We were surprised by the editorial ‘Transaction costs: If the securities transaction tax must stay, it needs to be more broad-based’ (IE, February 25). The editorial advocates that the transaction tax levied on securities needs to be extended to commodities and, to an extent, to currencies , to reduce not only the fiscal deficit, but also the alleged distortions in the economy. The truth is that price discovery takes place not so much in equity derivatives as in commodity derivatives. Equity derivative trading is mostly confined to options in equity indices. The so-called price discovery in these index options is of little use for price risk management to institutional investors, who trade in them. Price discovery in commodity derivatives is vital for effective price risk management in that prices quoted for derivative contracts serve as the base (reference) prices for forward physical purchases and sales in both domestic and overseas markets, and are also the prices at which such purchases and sales can be hedged. Such hedges are absolutely efficient.
The commodity transaction tax (CTT) will drive away day traders, who account for the bulk of the trade volumes in commodity derivatives. They assist in efficient hedging by physical-market functionaries, since they are not only willing to absorb hedges at the prevailing futures prices, but also ensure low bid-ask price spreads, which constitutes an important element of transaction costs for hedging costs. As day traders operate on thin margins, CTT will render their trades uneconomical. They will desert the commodity markets. In their absence, the bid-ask spreads will rise, making hedging of all hues far from cost-effective. Physical-market players will then have little option but to recover the cost of their price risks (risk premium) by paying a lower price to the producer, and charging a higher price from the consumer, leading to higher marketing and processing margins, which, when spread to the entire supply chain, will have a cascading effect on the prevailing inflation in the economy.
Incidentally, the imposition of CTT on gold will make the market, bereft of low-cost risk management for a large number of jewellers, traders and SMEs engaged in the jewellery industry, uncompetitive in the export markets. CTT on energy will lead to the same fate for distributors of diverse petroleum products. Already, commodity derivative markets have generated nearly two million jobs. Insofar as CTT causes the demise of commodity derivative markets, the livelihood of nearly two million families, or 10 million people, will be adversely affected. Not only will the exchequer not earn any revenues from CTT, its net revenues will decline drastically, following the loss in income and other taxes to both the Centre and states.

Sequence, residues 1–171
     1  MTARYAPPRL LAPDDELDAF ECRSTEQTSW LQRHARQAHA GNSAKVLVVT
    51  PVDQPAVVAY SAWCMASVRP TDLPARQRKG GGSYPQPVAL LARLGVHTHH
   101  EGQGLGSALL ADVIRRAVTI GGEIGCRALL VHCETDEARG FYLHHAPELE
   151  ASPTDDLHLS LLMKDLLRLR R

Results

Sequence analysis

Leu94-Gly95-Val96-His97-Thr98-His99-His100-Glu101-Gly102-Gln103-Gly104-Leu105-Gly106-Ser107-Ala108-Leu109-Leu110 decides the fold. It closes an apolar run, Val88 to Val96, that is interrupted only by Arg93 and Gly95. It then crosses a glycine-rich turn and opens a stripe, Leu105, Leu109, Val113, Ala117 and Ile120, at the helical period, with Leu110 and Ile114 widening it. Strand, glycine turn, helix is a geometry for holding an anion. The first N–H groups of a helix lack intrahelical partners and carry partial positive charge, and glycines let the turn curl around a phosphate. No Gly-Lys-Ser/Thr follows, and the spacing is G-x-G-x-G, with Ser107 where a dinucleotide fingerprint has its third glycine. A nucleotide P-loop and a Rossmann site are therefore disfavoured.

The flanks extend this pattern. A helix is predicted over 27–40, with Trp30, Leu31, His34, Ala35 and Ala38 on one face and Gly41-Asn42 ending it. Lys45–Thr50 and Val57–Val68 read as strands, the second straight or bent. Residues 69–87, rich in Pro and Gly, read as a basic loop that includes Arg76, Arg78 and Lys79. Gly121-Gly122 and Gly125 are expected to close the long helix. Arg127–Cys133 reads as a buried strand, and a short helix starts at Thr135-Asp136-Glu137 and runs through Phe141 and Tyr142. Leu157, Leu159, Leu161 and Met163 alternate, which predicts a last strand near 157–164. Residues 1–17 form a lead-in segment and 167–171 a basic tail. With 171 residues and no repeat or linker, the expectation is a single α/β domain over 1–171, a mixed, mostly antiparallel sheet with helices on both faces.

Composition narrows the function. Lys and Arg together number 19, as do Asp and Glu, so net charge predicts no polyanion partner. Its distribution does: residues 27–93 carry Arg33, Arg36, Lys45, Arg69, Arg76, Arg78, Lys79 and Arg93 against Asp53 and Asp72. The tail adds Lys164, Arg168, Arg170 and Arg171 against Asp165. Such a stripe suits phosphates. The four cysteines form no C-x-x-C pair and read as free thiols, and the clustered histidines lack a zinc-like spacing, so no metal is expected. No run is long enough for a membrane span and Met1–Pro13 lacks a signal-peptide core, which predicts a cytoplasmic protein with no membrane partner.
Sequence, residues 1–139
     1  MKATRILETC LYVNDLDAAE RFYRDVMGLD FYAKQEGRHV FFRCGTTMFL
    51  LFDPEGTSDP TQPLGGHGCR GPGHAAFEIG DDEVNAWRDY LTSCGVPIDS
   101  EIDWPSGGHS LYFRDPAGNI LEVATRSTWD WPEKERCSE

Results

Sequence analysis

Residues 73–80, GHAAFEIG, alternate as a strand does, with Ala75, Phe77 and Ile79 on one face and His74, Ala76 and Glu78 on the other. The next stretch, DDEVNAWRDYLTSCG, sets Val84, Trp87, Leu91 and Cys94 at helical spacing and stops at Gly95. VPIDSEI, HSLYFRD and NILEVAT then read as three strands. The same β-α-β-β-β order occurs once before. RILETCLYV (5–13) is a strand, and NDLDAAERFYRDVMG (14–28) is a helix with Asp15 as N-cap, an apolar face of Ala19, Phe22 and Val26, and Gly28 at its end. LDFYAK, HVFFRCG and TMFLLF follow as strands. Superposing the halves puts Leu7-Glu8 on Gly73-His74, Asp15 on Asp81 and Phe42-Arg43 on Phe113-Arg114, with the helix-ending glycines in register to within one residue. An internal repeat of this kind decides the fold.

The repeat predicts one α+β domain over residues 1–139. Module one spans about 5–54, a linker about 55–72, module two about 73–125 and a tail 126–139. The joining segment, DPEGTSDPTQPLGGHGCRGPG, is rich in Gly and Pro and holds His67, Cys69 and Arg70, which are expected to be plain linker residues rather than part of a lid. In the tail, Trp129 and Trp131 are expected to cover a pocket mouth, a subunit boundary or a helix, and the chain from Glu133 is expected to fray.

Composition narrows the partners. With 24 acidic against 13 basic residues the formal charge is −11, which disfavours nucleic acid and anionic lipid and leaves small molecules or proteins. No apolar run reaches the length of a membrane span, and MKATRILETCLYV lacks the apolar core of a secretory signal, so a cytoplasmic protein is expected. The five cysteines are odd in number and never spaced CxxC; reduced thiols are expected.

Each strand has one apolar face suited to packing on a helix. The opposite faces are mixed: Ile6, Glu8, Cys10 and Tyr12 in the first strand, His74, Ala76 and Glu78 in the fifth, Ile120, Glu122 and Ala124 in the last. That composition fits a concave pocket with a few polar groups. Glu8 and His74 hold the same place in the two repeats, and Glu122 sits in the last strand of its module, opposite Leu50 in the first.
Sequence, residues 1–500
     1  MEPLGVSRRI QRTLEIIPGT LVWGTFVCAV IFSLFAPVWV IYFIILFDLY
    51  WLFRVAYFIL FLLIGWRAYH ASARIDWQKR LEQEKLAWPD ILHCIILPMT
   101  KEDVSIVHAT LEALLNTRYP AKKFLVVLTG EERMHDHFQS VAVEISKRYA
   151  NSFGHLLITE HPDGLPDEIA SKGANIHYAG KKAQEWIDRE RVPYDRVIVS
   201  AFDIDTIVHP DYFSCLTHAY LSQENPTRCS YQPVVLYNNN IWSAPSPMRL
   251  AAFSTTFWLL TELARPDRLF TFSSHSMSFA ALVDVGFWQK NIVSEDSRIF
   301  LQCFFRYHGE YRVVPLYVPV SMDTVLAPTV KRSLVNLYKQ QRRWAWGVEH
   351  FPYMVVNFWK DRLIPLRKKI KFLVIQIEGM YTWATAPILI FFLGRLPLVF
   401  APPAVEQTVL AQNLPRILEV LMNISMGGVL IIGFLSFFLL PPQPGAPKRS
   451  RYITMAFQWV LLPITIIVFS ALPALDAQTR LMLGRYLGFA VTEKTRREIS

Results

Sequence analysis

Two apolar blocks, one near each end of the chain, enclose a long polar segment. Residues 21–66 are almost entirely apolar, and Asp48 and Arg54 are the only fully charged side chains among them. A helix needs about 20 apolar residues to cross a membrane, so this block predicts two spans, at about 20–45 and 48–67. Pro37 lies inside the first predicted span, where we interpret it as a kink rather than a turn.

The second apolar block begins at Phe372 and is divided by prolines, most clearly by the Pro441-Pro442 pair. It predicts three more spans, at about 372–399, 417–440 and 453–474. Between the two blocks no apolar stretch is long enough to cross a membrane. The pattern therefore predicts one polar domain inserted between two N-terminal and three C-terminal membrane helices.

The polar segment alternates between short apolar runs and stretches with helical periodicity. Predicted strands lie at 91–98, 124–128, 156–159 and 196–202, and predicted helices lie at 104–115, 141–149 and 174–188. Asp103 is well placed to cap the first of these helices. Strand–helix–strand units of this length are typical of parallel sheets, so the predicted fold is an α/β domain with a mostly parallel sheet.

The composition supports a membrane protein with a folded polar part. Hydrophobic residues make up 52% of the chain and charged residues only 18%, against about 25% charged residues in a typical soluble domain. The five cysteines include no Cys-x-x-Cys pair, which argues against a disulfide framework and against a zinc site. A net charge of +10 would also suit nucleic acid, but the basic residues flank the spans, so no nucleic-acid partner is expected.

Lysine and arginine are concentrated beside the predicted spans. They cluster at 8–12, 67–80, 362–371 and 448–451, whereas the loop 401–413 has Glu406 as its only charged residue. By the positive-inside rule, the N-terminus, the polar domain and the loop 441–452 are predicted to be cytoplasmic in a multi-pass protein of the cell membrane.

The editorial ignores the fact that, unlike stock market traders, commodity players don’t enjoy such tax benefits as concessional shot-term capital gains tax and zero long-term capital gains tax. The gains and losses from commodity derivative trades are also considered as speculative gains and losses, and are not allowed to be offset by other business losses or gains. Stock market players benefit from such offsets, as all their trades are regarded as hedging transactions, even though they are not. Moreover, unlike stock exchanges, institutional players, including banks, are not allowed to trade in commodity derivatives. Options and index trading are also not permitted on commodity exchanges. It requires no sixth sense to predict that broad-basing the transaction structure to include commodities and currencies will destroy commodity exchanges, without adding any coffers to the Central government. The fiscal deficit will only widen, with net loss in revenues, following falling incomes from the participants in the two markets.
The writer is founder and group chairman, Financial Technologies (India) Ltd